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Senate defeats measure to overturn Trump expansion of non-ObamaCare plans
The Senate on Wednesday defeated a Democratic measure to overrule President Trump's expansion of non-ObamaCare insurance plans as Democrats seek to highlight health care ahead of the midterm elections.
The Democratic measure would have overruled Trump's expansion of short-term health insurance plans, which do not have to cover people with pre-existing conditions or cover a range of health services like mental health or prescription drugs.
It was defeated on an extremely narrow, mostly party line 50-50 vote, with Sen. Susan Collins (R-Maine) voting with Democrats in favor of overturning the short-term plans.
Republicans argue the short-term plans simply provide a cheaper option alongside more comprehensive ObamaCare plans.
Democrats forced the vote ahead of the midterms in an attempt to put health care front and center in the campaign. Democrats said Republicans voting to keep in place these "junk" insurance plans that do not have to cover pre-existing conditions was another example they can use to paint the GOP as wrong on health care.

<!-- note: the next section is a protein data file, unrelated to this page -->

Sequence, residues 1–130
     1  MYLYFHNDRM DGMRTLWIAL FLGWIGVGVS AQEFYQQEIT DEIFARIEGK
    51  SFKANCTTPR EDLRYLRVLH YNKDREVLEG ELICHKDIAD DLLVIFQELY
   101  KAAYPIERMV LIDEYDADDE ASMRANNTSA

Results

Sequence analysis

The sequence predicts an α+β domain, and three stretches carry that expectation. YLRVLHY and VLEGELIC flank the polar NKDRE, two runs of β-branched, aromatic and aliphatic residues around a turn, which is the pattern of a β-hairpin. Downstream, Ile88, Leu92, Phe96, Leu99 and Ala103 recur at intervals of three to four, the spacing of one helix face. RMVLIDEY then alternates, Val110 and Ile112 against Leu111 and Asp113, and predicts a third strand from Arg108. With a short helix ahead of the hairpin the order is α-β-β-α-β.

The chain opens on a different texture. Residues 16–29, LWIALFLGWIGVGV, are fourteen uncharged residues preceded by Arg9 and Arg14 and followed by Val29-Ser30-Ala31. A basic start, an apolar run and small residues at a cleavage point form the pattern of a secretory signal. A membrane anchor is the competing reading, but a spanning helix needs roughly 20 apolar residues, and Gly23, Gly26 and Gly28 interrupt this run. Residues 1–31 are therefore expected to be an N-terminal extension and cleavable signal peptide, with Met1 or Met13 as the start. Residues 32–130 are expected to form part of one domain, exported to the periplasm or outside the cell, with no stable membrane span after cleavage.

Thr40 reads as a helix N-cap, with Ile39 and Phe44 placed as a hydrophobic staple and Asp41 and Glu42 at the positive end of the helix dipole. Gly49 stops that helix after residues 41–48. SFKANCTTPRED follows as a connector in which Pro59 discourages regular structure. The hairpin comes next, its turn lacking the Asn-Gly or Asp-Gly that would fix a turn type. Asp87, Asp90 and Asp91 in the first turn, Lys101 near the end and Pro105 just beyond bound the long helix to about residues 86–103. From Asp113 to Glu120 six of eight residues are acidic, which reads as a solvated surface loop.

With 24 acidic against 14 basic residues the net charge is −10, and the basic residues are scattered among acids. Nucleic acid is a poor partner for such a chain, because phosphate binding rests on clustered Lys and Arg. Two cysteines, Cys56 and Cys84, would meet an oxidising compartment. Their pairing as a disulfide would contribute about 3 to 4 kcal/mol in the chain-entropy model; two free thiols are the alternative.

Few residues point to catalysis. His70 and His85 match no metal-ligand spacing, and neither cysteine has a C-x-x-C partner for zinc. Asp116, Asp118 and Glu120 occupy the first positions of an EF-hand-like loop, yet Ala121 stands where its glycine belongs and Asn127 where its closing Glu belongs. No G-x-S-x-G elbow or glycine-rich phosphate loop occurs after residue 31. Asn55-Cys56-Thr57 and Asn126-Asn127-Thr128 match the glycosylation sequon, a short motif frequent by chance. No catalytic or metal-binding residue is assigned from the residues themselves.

"In a few short weeks the American people will head to the polls where they can vote for another two years of Republican attempts to gut our health-care system, or they can vote for Democratic candidates who will safeguard the protections now in place and work to make health care more affordable," Senate Democratic Leader Charles Schumer (N.Y.) said on the Senate floor Wednesday.
Sen. Lamar Alexander (R-Tenn.), the chairman of the Senate Health Committee, forcefully pushed back, saying short-term plans provide a cheaper option than ObamaCare and if people want full ObamaCare plans with all the protections, they can still have them.
With short-term plans, Alexander said the message is "you can pay less with less coverage and at least you will have some insurance."
"But our Democratic friends will say, 'Oh no, we don't want to do anything that will lower the cost of insurance,'" Alexander added.
Health-care experts say the short-term plans pose a risk of siphoning healthy people away from ObamaCare plans, leading to an increase in premiums for those remaining in the ObamaCare plans.
"The rule threatens to split and weaken the individual insurance market, which has provided millions of previously uninsured people with access to quality coverage since the health care law went into effect," a range of patient groups, including the American Cancer Society and American Heart Association, said in a joint statement this week opposing the Trump administration's short-term plans rule.
The rules that Democrats seek to overturn, which the Trump administration finalized in August, lifted a three-month restriction on short-term plans, allowing them to last up to a year. Critics say this makes the plans not really "short-term" at all.
"Our constituents deserve more options, not fewer," Senate Majority Leader Mitch McConnell (R-Ky.) said Wednesday. "The last thing we should do is destroy one of the options that's still actually working for American families."